“I certainly don’t pretend to have a complete grasp of all the details of
        the pay policies of all the employers in the world (or even one
        country) but from where I’m sitting, it looks very difficult to
        attribute the pay disparity between men and women to anything other than
        the sex of the employee.

        As a gender egalitarian who strives toward the erasure of all
        differences in perception of people of different sexes (aside from the
        unavoidable biological facts), this is utterly unacceptable to me. 
        Equal means equal, and paying people differently based on their being
        chromosomally XX or XY is a textbook example of inequality.”

        All I can read from this is that you dont know its because of discrimination. You can only assume it is because you cant think of any other explanation.

        Just because you cant think of a better explanation does not mean the one you came up with is right, especially when the only evidence you have is “I cant think of anything else”.

        Saying “discrimination must be the cause of the pay gap,  no other
        explanation presents itself” Is like saying “The universe must have been
        started by a intelligent creator, no other explanation presents
        itself”.

        Unless can actually prove (not just “I cant see any other reason”)
        that discrimination specifically is the cause, there is no point in
        complaining about this pay gap.

        • CelticWhisper

           I can certainly understand and respect the desire to not jump to unfounded conclusions, and I do admit that I’m reaching just a bit (when, in all likelihood, I would condemn the religious for an equal amount of reaching to argue the existence of their gods), but I still can’t quite see how teh other factors you describe could account for such a widespread disparity.

          Certainly, they would be more than valid in individual case studies, but the probability of so many individual cases being similar enough to account for what is effectively a sex-wide shorting on pay seems too low to be plausible.

          • Ema Nekaf

            ” I can certainly understand and respect the desire to not jump to
            unfounded conclusions, and I do admit that I’m reaching just a bit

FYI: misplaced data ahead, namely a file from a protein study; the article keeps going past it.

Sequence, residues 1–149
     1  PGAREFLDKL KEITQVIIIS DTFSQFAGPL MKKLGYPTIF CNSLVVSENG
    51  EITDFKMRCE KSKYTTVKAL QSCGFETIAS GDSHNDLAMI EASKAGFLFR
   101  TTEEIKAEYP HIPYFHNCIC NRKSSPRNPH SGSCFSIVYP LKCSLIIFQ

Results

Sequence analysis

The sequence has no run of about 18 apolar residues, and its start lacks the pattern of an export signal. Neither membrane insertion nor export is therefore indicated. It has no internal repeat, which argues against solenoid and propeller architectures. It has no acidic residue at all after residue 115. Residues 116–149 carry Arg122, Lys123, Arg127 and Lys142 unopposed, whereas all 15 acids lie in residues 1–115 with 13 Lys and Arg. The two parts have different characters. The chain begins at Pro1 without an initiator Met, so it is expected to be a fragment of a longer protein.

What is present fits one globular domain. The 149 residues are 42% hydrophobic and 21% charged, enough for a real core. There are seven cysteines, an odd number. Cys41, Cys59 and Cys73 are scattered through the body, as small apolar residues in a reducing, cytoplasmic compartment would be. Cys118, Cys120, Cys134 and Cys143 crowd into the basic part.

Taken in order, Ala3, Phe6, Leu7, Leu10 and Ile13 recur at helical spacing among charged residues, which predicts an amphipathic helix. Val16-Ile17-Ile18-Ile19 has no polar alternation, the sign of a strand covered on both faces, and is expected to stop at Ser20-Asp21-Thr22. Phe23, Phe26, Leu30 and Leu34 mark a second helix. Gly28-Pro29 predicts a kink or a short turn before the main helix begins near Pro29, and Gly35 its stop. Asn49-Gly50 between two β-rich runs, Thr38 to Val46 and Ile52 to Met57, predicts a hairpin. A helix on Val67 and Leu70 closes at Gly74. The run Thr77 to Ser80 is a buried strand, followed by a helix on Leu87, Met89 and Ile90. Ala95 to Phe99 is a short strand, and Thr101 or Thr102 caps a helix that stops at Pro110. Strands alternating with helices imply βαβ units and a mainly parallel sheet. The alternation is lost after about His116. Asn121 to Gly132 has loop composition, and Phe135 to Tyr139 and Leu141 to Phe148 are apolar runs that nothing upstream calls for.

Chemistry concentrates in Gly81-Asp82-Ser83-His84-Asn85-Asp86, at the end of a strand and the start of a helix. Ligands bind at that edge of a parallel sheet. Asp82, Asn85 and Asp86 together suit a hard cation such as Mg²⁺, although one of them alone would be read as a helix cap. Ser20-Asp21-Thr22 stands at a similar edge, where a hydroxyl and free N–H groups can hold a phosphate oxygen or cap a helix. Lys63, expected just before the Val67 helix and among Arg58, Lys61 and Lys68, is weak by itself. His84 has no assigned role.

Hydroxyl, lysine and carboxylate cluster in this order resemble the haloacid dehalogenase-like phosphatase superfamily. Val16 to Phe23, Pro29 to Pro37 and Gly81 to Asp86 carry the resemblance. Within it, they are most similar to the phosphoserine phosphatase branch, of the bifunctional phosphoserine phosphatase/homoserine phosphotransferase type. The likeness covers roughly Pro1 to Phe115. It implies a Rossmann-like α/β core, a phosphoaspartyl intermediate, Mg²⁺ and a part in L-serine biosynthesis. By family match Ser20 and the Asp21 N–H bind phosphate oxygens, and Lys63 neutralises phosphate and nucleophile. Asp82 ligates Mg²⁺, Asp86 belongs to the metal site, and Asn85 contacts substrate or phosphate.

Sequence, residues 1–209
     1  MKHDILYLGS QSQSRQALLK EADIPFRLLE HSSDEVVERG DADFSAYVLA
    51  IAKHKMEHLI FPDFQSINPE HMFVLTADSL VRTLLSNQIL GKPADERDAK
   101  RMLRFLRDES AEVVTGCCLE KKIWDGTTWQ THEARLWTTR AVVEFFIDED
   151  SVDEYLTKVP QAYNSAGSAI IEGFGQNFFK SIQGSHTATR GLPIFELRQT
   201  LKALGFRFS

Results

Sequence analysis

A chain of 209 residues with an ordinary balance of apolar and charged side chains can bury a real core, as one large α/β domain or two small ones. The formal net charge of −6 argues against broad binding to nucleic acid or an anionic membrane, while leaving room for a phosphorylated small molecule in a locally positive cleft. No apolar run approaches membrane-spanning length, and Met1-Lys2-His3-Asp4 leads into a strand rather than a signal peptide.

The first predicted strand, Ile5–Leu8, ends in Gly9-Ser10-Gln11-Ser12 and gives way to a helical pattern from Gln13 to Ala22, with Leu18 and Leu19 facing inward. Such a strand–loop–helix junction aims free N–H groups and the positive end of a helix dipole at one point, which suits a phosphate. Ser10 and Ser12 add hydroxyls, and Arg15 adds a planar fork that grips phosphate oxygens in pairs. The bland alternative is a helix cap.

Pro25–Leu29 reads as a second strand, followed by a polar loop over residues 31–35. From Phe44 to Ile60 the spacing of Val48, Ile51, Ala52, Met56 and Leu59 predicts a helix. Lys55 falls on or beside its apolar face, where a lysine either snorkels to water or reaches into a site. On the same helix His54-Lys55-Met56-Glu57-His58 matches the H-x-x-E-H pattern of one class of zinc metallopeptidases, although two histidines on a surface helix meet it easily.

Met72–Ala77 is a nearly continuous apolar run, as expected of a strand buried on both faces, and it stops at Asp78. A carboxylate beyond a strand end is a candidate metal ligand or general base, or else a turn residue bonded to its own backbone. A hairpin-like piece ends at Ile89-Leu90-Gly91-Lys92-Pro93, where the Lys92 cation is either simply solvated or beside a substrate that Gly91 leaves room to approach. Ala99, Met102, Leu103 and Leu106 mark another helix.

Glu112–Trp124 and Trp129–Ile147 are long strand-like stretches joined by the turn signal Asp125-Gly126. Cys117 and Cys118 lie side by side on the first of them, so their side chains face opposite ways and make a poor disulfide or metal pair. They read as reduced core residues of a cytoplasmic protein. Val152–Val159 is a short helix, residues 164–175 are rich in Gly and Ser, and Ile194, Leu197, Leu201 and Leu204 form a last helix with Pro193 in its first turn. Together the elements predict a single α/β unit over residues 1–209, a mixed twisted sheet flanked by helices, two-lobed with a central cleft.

(when, in all likelihood, I would condemn the religious for an equal
            amount of reaching to argue the existence of their gods), but I still
            can’t quite see how teh other factors you describe could account for
            such a widespread disparity.”

            Would not how “widspred” it is seem to indicate more then one factor is at play here? Provavble factors, such as women working less hours then men, taking lower risk-lower paying jobs then men, Being less assertive when setting pay,  and taking time off from work to raise children, slowing there career down.

            These factors are known, and have been proven.

            “Certainly, they would be more than valid in individual case studies,
            but the probability of so many individual cases being similar enough to
            account for what is effectively a sex-wide shorting on pay seems too low
            to be plausible.”

            Unless you wish to substantiate your claim with ACTUAL evidence, not just the faulty logic of “I cant think of a different answer” there is no point in continue this discussion.

            • CelticWhisper

               The inability to think of another answer isn’t faulty logic, it’s just not a compelling argument in my favor.  I readily admit that there is neither expectation nor grounds for believing a case based on a gut feeling, and I’m also admitting that because my personal and professional experience does not include any formal study into this pay-inequality matter, I have little else aside from a gut feeling.  It’s unfortunate for me but I’m at least trying to be honest about it.

              That said, working fewer hours and taking time off to raise children don’t seem to be arguments against the existence of discrimination because in those cases, work is not being done and thus dollars are not being earned.  My impression, which may again be mistaken due to my own deficiency in information on this matter, is that in otherwise-equal scenarios women are not paid as much as men for doing identical work.  Fewer hours worked would indeed account for less pay earned, but we’d then be comparing a man who worked a standard 40-hour week to a woman who worked, say, a 30-hour week.  To correctly compare, we’d have to take a 30-hour male employee and compare his earnings to the 30-hour female employee.

              Being less assertive I can understand would be an issue and it seems to me that it’s a matter of how we socialize children – female children are all too often taught to be meek and deferent rather than assertive and self-respecting.  I can’t see a large-scale solution to that aside from changing how we raise children so that male children and female children are both taught to stand up for themselves and have realistic appraisals of their value in society.